x
Dartmouth-Hitchcock logo
Summer Flowers In This Section

Research

The Dartmouth-Hitchcock Rheumatology Team participates in the study of new drugs to treat rheumatoid and psoriatic arthritis, as well as other conditions.

Our team also consists of research faculty located at the VA in White River Junction, VT. Read more about VA faculty research below:

Constance E. Brinckerhoff, PhD

Professor of Medicine and Biochemistry

Dr. Brinckerhoff's laboratory studies Matrix Metalloproteinases (MMPs), enzymes with the traditional role of degrading the extracellular matrix, but also with new and novel functions that include activating receptors and growth factors, mediating apoptosis and facilitating angiogenesis. The focus is on the collagenases (MMP-1 and MMP-13) that mediate connective tissue destruction in arthritic diseases and that contribute to tumor invasion and metastasis. She and her colleagues are investigating the genetic and epigenetic mechanisms that regulate the over expression of these enzymes, with the goal of specifically blocking their aberrant expression and reducing disease pathology.  

Seth Anderson Brooks, PhD

Associate Professor of Research, Department of Medicine

In October 2005, Seth successfully renewed his Merit Review Grant with a project titled "Identification of Proteins Mediating Posttranscriptional TNF-a Expression." This project expands on his previous work examining TTP control of TNF-a mRNA stability to identify novel proteins that regulate TNF-a posttranscriptional expression. This project has moved quickly, with one manuscript title in submission: TTP Regulates TNF-a mRNA Stability via a Proteasome Dependent Mechanism and Inhibition of TTP Function Requires the Combined Action of the ERK and p38 Pathways.

In addition to his own research, Seth is an active collaborator with other Dartmouth and VA researchers. He and his mentor continue to discuss research directions and specific of cytokine posttranscriptional regulation, as well as share reagents. Seth collaborates with his VA colleagues, Matthew Vincenti and Roy Fava, assisting both with research design and with troubleshooting ideas, as well as performing specific experiments related to his area of expertise. Seth also has ongoing translational research collaboration with Drs. Michael Fanger, Mark Ernstoff, and Camilo Fadul. This work titled "A phase II Feasibility Study of Adjuvant Intra-Nodal Autologous Dendritic Cell Vaccination for Newly Diagnosed Glioblastoma Multiforme (DMS-0536)" examines the feasibility of autologous dendritic cell vaccination combined with chemotherapy as a treatment for glioblastoma multiforme.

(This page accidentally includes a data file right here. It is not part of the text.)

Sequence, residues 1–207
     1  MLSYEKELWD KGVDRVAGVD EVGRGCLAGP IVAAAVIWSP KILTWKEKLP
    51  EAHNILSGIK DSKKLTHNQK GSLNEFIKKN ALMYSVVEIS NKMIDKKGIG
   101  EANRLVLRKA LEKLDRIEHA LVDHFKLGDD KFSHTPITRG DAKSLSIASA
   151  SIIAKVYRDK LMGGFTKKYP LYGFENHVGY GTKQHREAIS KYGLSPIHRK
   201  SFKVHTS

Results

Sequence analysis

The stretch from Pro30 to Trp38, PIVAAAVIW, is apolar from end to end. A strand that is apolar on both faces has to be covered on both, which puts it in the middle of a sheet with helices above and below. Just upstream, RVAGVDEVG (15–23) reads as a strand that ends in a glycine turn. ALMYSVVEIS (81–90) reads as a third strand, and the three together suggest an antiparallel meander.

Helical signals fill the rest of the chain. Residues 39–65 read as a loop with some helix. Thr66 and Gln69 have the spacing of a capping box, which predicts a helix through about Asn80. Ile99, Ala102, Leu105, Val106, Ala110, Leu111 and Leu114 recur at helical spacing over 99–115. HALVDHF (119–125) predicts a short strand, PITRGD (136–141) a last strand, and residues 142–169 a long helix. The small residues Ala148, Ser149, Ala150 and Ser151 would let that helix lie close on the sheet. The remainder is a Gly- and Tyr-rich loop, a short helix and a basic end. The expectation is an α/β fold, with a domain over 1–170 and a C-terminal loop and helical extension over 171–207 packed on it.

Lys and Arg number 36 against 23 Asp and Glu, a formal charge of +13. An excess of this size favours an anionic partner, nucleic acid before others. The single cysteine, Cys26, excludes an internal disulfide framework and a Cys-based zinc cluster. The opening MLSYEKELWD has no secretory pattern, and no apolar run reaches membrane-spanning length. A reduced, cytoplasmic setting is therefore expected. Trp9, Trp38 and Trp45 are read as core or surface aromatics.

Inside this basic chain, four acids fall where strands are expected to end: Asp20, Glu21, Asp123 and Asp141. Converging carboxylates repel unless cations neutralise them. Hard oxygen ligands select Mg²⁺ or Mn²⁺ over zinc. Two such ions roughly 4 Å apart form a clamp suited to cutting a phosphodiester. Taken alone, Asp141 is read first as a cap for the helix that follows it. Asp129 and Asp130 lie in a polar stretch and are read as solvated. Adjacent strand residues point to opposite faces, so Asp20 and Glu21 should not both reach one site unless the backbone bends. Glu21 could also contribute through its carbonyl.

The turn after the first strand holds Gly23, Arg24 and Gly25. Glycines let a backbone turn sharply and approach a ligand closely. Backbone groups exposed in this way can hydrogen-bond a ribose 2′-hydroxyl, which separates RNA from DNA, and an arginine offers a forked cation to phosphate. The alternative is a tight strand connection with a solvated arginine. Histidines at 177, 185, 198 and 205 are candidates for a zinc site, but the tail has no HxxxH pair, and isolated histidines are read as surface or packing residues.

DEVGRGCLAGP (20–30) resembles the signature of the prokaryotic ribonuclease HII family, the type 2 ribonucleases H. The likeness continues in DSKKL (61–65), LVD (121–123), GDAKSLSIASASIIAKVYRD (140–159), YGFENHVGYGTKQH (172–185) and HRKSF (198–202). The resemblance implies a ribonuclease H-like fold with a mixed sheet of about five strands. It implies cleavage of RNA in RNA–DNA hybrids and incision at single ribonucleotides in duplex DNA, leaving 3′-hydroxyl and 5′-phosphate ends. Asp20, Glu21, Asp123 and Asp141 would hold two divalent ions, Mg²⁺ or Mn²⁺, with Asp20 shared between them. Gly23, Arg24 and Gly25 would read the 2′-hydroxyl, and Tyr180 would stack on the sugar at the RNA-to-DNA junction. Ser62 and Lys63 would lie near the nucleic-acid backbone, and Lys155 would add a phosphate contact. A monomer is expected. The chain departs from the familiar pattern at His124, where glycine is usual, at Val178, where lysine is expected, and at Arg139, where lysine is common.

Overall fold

Seth is an active member of the American Association for the Advancement of Science and the American Association of Immunologists. He currently serves on the Molecular Biology and genetics study section for the Arthritis Foundation. At the VA, he serves on the Research and Development Committee, which is charged with reviewing all research proposals at the VA, and the Space Allocation Committee.

Roy A. Fava, PhD

Research Associate Professor

Dr. Fava began his research in Rheumatology as the direct result of his early involvement in the discovery of TGF/beta.  His laboratory was the first to report the presence of TGF/beta in synovial fluids in Rheumatoid Arthritis (RA). They were also the first to demonstrate the potential involvement of TBF/beta in arthritic inflammation, angiogenesis, and vascular permeability by injection into the articular joint space in rodent model. They next investigated angiogenesis in RA and demonstrated for the first time the presence of VEGF and its receptors in human synovial tissues and fluids. 

Dr. Fava and his colleagues shifted interests to immune mechanisms in 1997, and implicated the involvement of the lymphotoxin-beta receptor axis in arthritis by use of a systemic antagonist of this pathway.  This demonstration is the foundation for clinical trials currently underway with this antagonist. Currently, they are investigating the efficacy of this antagonist in a murine model for Sjögren's Syndrome, based on the known importance of the pathway to ectopic lymphoid tissue development.

Thomas H. Taylor, MD

Associate Professor of Medicine